10. 10. Opportunity for Global Transformative LearningThe possibility that the scope and impact of our growing globalecological, economic, political, social, psychological and spiritual crisescould, rather than resulting in collapse, instead invite humanity into agreat global process of transformative learning that catalyzes us tomove into an ecologically regenerative, socially just and spirituallyconnected world.• “The Great Turning” (Macy and Brown, 1998; Korten, 2006)• “The Shift”• “The Fulfillment of Prophecy” (Leading Earth Woman/Longboat, 2009),• “Catagenesis” (Homer-Dixon, 2006),• “The sunset of an ecologically illiterate civilization” (Ausubel, 2010)
  11. 11. Transformative Learning•Transformative learning involves experiencing adeep, structural shift in the basic premises ofthought, feeling, and actions. It is a shift of consciousnessthat dramatically and permanently alters our way ofbeing…Such a shift involves our understanding ofourselves and our self-locations; our relationships withother humans and with the natural world…and our senseof the possibilities for social justice, peace and personal joy.(O’Sullivan 2003: 11)
  12. 12. Transformative Learning AsRite of Passage/Initiatory PathwaySeparationPurificationDeathNewKnowledgeCreation
  13. 13. How to cross the great divide• Foundational to this shift and critical to our survival andprosperity as a global community will be the speed anddepth with which humanity is able to transform our ways ofrelating with our selves, one another and the earth.• My scholarship (teaching, research, and praxis) focuses on thepractices and pathways that support people to make thisgreat individual and collective transformation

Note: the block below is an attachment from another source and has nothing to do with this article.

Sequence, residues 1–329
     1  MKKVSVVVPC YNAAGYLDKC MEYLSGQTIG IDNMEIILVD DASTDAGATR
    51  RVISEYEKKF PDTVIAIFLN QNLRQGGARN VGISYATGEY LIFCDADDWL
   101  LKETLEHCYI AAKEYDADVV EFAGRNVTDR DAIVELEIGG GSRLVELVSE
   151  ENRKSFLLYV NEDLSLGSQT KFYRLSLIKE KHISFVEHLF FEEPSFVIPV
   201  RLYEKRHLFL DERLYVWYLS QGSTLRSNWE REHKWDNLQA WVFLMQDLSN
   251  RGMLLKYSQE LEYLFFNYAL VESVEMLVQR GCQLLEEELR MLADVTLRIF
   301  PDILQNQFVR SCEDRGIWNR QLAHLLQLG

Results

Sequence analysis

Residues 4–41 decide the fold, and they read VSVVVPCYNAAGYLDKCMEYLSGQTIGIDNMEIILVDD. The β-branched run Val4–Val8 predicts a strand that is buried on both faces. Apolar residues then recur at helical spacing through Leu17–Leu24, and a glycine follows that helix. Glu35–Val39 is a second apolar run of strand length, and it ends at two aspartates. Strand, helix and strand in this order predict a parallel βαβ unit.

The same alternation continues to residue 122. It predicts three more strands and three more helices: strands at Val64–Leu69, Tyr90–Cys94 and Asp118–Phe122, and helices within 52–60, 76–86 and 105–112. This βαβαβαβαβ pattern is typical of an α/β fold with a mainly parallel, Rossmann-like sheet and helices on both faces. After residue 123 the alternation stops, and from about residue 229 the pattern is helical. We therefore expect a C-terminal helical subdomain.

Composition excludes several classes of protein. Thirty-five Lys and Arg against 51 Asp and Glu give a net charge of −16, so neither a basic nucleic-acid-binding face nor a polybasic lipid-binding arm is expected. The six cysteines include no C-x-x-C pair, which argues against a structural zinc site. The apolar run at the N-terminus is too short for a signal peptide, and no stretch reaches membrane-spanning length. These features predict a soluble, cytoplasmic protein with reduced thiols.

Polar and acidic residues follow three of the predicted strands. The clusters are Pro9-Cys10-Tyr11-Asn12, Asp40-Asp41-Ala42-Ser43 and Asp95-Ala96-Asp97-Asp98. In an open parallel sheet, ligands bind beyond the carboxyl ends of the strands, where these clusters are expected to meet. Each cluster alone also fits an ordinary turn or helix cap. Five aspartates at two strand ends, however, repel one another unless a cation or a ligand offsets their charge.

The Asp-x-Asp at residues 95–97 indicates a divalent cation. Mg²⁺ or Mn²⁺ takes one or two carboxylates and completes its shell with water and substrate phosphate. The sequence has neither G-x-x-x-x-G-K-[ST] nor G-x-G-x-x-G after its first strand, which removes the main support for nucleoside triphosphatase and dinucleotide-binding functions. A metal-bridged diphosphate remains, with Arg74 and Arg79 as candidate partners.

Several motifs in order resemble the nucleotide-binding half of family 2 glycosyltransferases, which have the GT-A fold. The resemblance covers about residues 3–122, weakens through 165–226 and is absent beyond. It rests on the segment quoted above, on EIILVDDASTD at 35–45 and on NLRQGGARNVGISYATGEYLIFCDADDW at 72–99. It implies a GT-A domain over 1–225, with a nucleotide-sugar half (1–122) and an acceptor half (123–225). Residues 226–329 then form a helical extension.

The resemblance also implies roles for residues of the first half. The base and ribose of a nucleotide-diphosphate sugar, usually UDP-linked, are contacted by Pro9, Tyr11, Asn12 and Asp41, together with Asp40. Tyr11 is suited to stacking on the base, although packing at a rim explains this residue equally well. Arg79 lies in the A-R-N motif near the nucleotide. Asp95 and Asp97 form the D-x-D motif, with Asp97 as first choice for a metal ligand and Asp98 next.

14. 14. A Relational (Indigenous/Ecological) ResearchEpistemology
  15. 15. • According to Linda Tuhiwai Smith, Lather’s chart of Postpositivist Inquiry(1991) sets out various critiques of positivist science (e.g. post-modern,emanicpatory, etc.), but “significantly absent are the organic andindigenous approaches to research” (Smith, p. 167).• Smith purports that most post-positivist approaches are regarded asderiving from a Freirian pedagogy, and are therefore framed as relativelyrecent; however, this denies the possibility that alternative researchframeworks could pre-date positivism and therefore also precede “post-modern” approaches such as “participatory-action” research.• The choice to frame my methodology from an indigenous-ecologicalstandpoint is therefore an explicit choice to centralize worldviews andmethods that come not from a Western paradigm, but rather fromancient, earth-based ways of knowing and that arise from organic,indigenous, natural, ecological, and intuitive standpoints.
  16. 16. Core Principles of Relational Epistemology(Katia Sol)• Knowledge is grounded in a particular location, community and naturalecosystem• Learning happens through observation, participation, intuition, andmentoring• Centralizes the importance of relationships and connections within acommunity or eco-system• Allows for the organic, natural unfoldment of processes and discovery• Emphasizes the role of recovery, healing and regeneration in natural andhuman systems• Honors diversity and the individual stories of the diverse members of aneco-system, as well as the collective story they come together to uniquelytell• Respect for all members of the community and ecosystem• Responsibility to care for the land, for the community of which we are apart, and for the knowledge and traditions that are entrusted to us• Reciprocity (law of return) – giving back to the community and the ecosystem